Retina Specialist and Ophthalmologist with Retina Consultants of Houston
Director of Research at RCH and the Greater Houston Retina Research Foundation

All presenters were compensated for their time by Regeneron.

02/2021 EYL.21.01.0114



  • EYLEA is contraindicated in patients with ocular or periocular infections, active intraocular inflammation, or known hypersensitivity to aflibercept or to any of the excipients in EYLEA.


  • Intravitreal injections, including those with EYLEA, have been associated with endophthalmitis and retinal detachments. Proper aseptic injection technique must always be used when administering EYLEA. Patients should be instructed to report any symptoms suggestive of endophthalmitis or retinal detachment without delay and should be managed appropriately. Intraocular inflammation has been reported with the use of EYLEA.
  • Acute increases in intraocular pressure have been seen within 60 minutes of intravitreal injection, including with EYLEA. Sustained increases in intraocular pressure have also been reported after repeated intravitreal dosing with VEGF inhibitors. Intraocular pressure and the perfusion of the optic nerve head should be monitored and managed appropriately.
  • There is a potential risk of arterial thromboembolic events (ATEs) following intravitreal use of VEGF inhibitors, including EYLEA. ATEs are defined as nonfatal stroke, nonfatal myocardial infarction, or vascular death (including deaths of unknown cause). The incidence of reported thromboembolic events in wet AMD studies during the first year was 1.8% (32 out of 1824) in the combined group of patients treated with EYLEA compared with 1.5% (9 out of 595) in patients treated with ranibizumab; through 96 weeks, the incidence was 3.3% (60 out of 1824) in the EYLEA group compared with 3.2% (19 out of 595) in the ranibizumab group. The incidence in the DME studies from baseline to week 52 was 3.3% (19 out of 578) in the combined group of patients treated with EYLEA compared with 2.8% (8 out of 287) in the control group; from baseline to week 100, the incidence was 6.4% (37 out of 578) in the combined group of patients treated with EYLEA compared with 4.2% (12 out of 287) in the control group. There were no reported thromboembolic events in the patients treated with EYLEA in the first six months of the RVO studies.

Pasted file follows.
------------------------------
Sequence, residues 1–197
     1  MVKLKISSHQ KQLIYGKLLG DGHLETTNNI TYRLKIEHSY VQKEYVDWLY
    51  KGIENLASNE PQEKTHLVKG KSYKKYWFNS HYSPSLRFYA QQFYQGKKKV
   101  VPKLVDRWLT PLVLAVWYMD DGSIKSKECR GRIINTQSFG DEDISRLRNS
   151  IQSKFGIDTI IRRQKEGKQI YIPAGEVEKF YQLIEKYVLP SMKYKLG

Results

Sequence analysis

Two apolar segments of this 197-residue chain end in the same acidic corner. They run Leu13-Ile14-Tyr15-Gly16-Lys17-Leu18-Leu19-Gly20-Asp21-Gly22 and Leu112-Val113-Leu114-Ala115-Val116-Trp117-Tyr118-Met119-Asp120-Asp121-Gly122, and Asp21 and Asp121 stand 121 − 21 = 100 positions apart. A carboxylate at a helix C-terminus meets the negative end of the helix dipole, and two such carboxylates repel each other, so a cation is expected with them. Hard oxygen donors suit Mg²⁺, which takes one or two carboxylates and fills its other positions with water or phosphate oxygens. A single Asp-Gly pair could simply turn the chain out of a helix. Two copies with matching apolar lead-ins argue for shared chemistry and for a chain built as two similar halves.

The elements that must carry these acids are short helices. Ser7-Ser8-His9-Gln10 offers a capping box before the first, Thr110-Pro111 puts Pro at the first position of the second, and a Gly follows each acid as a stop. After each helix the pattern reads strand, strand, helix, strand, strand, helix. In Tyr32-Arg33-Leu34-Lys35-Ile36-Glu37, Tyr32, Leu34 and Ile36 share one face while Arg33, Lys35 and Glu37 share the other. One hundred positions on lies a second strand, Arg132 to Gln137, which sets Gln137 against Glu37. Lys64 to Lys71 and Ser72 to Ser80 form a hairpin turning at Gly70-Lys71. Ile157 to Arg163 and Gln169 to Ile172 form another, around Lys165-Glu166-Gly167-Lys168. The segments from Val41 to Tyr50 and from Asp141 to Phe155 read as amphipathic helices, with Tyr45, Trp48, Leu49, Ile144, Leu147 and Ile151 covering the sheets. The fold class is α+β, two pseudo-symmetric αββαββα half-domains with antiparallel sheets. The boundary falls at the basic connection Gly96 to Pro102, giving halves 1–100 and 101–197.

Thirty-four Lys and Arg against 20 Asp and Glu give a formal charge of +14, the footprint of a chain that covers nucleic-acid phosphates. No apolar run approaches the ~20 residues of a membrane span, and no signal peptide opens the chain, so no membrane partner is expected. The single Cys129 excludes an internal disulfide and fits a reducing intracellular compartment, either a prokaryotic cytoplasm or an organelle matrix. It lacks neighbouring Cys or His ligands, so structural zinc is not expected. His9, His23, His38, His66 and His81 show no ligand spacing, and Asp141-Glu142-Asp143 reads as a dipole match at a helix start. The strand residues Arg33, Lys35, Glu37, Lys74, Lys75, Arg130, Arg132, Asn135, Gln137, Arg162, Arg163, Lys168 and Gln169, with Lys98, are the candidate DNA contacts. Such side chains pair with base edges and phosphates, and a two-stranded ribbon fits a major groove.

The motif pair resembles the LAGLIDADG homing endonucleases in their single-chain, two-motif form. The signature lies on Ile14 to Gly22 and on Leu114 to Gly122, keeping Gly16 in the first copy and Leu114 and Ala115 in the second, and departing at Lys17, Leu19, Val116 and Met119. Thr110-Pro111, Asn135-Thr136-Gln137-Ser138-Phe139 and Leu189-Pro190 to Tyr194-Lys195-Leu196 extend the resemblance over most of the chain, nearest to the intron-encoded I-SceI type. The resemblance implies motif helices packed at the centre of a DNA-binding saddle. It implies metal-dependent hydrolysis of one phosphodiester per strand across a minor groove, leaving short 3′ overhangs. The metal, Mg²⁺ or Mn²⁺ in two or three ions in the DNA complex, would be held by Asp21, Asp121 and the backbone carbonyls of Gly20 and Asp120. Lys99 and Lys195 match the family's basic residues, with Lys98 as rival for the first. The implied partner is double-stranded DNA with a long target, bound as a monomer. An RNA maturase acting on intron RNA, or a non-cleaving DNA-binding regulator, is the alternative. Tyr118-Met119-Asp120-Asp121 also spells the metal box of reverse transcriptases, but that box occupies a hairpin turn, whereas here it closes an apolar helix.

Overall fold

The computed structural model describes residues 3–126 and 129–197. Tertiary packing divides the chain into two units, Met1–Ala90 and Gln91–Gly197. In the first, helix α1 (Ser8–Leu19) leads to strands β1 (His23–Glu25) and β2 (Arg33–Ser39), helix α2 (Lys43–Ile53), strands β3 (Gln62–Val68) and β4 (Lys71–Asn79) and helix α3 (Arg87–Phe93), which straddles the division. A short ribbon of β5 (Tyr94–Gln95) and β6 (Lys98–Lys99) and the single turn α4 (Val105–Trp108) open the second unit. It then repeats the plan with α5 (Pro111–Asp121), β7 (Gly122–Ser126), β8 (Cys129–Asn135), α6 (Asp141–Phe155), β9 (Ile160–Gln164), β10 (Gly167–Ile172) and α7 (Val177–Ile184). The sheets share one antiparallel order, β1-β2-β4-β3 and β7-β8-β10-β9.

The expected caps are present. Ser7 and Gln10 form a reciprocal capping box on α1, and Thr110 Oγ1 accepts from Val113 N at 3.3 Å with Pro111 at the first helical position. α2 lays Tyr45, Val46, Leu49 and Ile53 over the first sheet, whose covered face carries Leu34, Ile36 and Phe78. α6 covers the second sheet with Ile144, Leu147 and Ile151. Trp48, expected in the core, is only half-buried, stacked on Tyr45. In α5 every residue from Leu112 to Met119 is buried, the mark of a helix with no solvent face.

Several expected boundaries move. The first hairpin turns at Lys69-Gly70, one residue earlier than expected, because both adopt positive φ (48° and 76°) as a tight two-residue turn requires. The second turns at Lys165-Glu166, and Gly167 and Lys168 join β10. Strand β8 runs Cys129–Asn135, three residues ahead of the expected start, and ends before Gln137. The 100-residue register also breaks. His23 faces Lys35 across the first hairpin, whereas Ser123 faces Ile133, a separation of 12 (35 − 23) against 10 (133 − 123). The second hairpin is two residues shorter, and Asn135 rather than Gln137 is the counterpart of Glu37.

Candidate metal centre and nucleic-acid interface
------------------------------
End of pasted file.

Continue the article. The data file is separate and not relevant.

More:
• Serious adverse reactions related to the injection procedure have occurred in <0.1% of intravitreal injections with EYLEA including endophthalmitis and retinal detachment.
  • The most common adverse reactions (≥5%) reported in patients receiving EYLEA were conjunctival hemorrhage, eye pain, cataract, vitreous detachment, vitreous floaters, and intraocular pressure increased.
  • Patients may experience temporary visual disturbances after an intravitreal injection with EYLEA and the associated eye examinations. Advise patients not to drive or use machinery until visual function has recovered sufficiently.


EYLEA® (aflibercept) Injection 2 mg (0.05 mL) is indicated for the treatment of patients with Neovascular (Wet) Age-related Macular Degeneration (AMD), Macular Edema following Retinal Vein Occlusion (RVO), Diabetic Macular Edema (DME), and Diabetic Retinopathy (DR).